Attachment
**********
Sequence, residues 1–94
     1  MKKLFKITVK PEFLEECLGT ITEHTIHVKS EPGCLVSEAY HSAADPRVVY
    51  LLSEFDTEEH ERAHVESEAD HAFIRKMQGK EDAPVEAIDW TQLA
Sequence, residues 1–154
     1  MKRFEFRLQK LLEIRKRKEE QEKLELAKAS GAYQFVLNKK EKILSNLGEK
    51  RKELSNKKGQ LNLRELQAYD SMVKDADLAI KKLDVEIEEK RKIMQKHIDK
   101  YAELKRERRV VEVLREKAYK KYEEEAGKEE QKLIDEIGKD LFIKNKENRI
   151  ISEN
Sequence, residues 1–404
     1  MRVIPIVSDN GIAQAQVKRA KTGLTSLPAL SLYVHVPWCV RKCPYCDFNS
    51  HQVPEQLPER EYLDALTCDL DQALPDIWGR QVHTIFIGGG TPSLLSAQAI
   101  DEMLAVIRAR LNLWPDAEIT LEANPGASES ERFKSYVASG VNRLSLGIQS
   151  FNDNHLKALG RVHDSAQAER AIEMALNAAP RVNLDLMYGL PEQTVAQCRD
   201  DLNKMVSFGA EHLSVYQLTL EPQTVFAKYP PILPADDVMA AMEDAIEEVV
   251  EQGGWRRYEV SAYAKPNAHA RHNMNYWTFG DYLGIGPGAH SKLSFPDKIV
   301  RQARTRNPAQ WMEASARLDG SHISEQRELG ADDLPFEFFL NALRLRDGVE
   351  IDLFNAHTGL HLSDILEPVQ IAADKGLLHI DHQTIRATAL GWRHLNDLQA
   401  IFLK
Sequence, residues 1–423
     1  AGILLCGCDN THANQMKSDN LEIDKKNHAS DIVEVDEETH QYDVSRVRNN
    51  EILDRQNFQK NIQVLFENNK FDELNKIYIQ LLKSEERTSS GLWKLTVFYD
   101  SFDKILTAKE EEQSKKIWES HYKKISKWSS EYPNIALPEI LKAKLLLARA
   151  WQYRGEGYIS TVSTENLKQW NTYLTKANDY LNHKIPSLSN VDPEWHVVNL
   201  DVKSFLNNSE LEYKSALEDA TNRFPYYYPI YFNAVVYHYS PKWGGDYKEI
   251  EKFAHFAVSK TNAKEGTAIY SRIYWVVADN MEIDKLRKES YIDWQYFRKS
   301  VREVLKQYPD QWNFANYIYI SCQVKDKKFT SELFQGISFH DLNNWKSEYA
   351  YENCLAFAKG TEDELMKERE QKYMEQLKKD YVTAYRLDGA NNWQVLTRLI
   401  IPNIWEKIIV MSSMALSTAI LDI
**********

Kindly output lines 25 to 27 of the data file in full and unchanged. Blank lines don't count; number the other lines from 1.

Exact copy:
   251  EKFAHFAVSK TNAKEGTAIY SRIYWVVADN MEIDKLRKES YIDWQYFRKS
   301  VREVLKQYPD QWNFANYIYI SCQVKDKKFT SELFQGISFH DLNNWKSEYA
   351  YENCLAFAKG TEDELMKERE QKYMEQLKKD YVTAYRLDGA NNWQVLTRLI